Thanksgiving in Baghdad and more.
From the December 15, 2003 issue: The president's Thanksgiving Triumph gives the Washington Post heartburn.
Dec 15, 2003, Vol. 9, No. 14
Bush's Baghdad Surprise
THE WEEKLY STANDARD closed early last week because of Thanksgiving, and thus we missed the chance to applaud the president's trip to visit the troops in Baghdad. The email excerpted below from a captain in Iraq who attended the dinner is eloquent on the meaning of the trip to the soldiers serving in Iraq.
We knew there was a dinner planned with Ambassador Bremer and [Lieutenant General] Sanchez. There were 600 seats available and all the units in the division were tasked with filling a few tables. . . . Soldiers were grumbling about having to sit through another dog-and-pony show, so we had to pick soldiers to attend. I chose not to go. But about 1500 the G2 [division intelligence officer] . . . came up to me and with a smile, asked me to come to dinner with him, to meet him in his office at 1600 and bring a camera. I didn't really care about getting a picture with Sanchez or Bremer, but when the division's senior intelligence officer asks you to go, you go.
We were seated in the chow hall, fully decorated for Thanksgiving when aaaaallllll kinds of secret service guys showed up. That was my first clue, because Bremer's been here before and his personal security detachment is not that big.
Then Brigadier General Dempsey got up to speak, and he welcomed Ambassador Bremer and Lieutenant General Sanchez. Bremer thanked us all and pulled out a piece of paper as if to give a speech. He mentioned that the President had given him this Thanksgiving speech to give to the troops. He then paused and said that the senior man present should be the one to give it. He then looked at Sanchez, who just smiled. Bremer then said that we should probably get someone more senior to read the speech.
Then, from behind the camouflage netting, the President of the United States came around. The mess hall actually erupted with hollering. Troops bounded to their feet with shocked smiles and just began cheering with all their hearts. The building actually shook. It was just unreal. I was absolutely stunned. Not only for the obvious, but also because I was only two tables away from the podium. There he stood, less than thirty feet away from me!
The cheering went on and on and on. Soldiers were hollering, cheering, and a lot of them were crying. There was not a dry eye at my table. When he stepped up to the cheering, I could clearly see tears running down his cheeks. It was the most surreal moment I've had in years. . . . Here was this man, our President, came all the way around the world, spending 17 hours on an airplane and landing in the most dangerous airport in the world, where a plane was shot out of the sky not six days before. Just to spend two hours with his troops. Only to get on a plane and spend another 17 hours flying back. It was a great moment, and I will never forget it.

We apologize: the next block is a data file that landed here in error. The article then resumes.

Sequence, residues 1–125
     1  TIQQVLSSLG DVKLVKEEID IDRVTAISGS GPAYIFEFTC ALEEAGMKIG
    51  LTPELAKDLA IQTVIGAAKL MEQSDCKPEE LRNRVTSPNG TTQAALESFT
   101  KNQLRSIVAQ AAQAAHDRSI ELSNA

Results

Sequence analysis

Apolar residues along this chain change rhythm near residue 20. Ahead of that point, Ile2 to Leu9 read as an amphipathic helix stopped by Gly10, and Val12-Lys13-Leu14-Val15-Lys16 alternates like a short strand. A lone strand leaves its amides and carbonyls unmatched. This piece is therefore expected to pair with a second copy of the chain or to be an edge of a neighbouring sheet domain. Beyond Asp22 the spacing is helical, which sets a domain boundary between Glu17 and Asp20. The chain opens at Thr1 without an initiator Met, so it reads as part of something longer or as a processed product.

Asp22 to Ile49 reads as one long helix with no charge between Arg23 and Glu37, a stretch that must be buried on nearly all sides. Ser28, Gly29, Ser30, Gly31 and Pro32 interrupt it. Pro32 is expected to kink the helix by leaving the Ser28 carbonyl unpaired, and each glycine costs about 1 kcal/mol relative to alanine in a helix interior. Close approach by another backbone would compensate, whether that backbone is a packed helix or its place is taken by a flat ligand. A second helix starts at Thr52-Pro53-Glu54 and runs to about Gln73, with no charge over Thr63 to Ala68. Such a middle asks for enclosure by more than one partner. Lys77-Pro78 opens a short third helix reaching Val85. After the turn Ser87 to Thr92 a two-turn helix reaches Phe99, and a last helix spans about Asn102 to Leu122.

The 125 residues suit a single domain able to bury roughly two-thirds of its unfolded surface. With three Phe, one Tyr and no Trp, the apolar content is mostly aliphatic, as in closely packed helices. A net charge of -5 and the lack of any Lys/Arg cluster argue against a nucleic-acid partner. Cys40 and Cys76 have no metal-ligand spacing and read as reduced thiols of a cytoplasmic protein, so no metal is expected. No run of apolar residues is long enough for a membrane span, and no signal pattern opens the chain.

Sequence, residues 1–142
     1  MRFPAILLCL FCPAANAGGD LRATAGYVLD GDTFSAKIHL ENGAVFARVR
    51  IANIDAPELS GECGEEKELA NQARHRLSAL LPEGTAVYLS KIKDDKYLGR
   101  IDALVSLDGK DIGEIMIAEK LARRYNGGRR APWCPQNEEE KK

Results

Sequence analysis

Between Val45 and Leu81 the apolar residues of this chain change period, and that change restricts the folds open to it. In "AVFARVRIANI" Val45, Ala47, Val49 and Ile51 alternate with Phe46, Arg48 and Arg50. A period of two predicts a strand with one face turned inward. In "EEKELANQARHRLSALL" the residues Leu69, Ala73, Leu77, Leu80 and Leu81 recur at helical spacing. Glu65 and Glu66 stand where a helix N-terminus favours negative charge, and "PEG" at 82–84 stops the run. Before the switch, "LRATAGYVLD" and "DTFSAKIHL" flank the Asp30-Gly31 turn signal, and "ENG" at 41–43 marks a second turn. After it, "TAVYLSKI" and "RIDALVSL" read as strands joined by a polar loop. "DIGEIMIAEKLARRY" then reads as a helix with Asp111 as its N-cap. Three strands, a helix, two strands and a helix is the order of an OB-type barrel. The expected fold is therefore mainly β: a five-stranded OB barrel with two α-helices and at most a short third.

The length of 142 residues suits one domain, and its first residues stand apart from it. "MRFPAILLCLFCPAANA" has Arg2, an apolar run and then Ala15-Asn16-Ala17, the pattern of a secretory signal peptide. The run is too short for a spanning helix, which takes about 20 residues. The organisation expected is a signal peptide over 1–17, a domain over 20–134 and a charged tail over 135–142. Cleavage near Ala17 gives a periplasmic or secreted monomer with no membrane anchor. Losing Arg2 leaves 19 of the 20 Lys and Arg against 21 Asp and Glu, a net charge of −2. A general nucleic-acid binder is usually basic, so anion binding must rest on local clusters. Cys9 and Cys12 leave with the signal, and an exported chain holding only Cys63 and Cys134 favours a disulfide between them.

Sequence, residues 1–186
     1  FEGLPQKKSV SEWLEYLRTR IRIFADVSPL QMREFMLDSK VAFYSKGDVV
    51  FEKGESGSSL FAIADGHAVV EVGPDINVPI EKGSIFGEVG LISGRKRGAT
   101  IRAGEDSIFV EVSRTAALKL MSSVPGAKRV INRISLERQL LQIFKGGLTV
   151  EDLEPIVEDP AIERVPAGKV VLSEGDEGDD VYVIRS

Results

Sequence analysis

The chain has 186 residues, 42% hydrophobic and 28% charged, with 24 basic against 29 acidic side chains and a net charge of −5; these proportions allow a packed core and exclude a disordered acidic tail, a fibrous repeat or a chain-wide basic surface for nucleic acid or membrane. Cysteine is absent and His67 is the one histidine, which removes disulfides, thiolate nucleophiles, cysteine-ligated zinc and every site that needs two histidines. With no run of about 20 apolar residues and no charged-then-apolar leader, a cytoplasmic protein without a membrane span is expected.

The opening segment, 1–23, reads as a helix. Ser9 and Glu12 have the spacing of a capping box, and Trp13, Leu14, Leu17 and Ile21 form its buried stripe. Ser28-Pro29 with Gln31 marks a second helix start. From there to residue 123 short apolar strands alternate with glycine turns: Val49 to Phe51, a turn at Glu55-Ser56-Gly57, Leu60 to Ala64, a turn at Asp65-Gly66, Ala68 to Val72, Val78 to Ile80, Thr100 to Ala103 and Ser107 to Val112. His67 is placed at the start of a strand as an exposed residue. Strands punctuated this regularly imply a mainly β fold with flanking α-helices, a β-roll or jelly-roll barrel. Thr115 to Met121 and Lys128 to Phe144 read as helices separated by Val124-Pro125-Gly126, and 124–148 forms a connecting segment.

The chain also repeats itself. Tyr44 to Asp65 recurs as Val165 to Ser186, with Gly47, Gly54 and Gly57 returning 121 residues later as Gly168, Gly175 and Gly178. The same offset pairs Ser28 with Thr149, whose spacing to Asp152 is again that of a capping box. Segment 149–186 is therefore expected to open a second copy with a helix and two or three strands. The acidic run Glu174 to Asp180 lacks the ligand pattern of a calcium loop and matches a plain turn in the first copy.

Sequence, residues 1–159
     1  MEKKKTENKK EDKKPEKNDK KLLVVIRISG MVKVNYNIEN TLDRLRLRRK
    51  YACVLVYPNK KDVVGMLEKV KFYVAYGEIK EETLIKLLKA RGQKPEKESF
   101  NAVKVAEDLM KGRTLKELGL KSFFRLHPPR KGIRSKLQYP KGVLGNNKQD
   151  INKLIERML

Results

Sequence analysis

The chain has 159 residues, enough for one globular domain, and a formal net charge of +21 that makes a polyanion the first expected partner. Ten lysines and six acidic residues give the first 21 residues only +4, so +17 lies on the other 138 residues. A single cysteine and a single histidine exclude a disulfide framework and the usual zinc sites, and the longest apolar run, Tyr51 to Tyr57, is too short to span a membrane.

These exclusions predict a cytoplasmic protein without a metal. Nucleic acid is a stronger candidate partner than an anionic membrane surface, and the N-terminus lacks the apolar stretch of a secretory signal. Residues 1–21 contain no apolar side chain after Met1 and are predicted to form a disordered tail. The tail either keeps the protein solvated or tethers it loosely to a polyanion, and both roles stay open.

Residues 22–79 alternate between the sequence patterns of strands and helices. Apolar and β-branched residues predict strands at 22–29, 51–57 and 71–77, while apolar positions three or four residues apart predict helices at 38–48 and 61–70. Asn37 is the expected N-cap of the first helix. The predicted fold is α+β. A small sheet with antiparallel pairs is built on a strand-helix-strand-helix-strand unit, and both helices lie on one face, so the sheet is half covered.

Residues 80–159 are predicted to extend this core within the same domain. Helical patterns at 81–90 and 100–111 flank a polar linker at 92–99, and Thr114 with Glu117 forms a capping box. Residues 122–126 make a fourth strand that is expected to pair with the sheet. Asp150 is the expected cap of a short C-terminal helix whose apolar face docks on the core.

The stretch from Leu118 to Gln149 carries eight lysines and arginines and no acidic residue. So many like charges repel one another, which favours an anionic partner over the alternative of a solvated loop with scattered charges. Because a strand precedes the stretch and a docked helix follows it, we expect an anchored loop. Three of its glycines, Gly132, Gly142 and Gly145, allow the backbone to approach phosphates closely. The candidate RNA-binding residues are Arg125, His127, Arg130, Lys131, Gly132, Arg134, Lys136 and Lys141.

He delivered his speech, which we all loved, then he looked right at me and held his eyes on me. Then he stepped down and was just mobbed by the soldiers. He slowly worked his way all the way around the chow hall and shook every last hand extended. Every soldier who wanted a photo with the President got one. I made my way through the line, got dinner, then wolfed it down as he was still working the room.
You could tell he was really enjoying himself. It wasn't just a photo opportunity. This man was actually enjoying himself! He worked his way over the course of about 90 minutes towards my side of the room. . . . As he passed and posed for photos, he looked me in the eye and said, "How you doin', captain." I smiled and said "God bless you, sir." To which he responded "I'm proud of what you do, Captain." Then moved on.
The president's Thanksgiving Day trip was such a triumph, it sent the media into a deep funk. The most ludicrous manifestation of this was the Washington Post's attack of the vapors over the fact that the turkey held by the president in the photo to the left was "roasted and primped . . . to adorn the buffet line" and not actually eaten. This, they intoned, "opened new credibility questions" for the White House. They weren't kidding. They devoted 886 words to the story.
So we thought we'd provide some more story ideas for the Post's vaunted investigative team. Bob Woodward may personally want to take charge of this project.
(1) White House sources tell us that the president's remarks to the troops may secretly have been drafted not by the president himself, but by a paid team of speechwriters.
(2) When the president appears on formal occasions like the State of the Union, it only looks like he's reciting his speech from memory. In fact, using something called a TelePrompTer that he can see but we can't, he's reading his lines.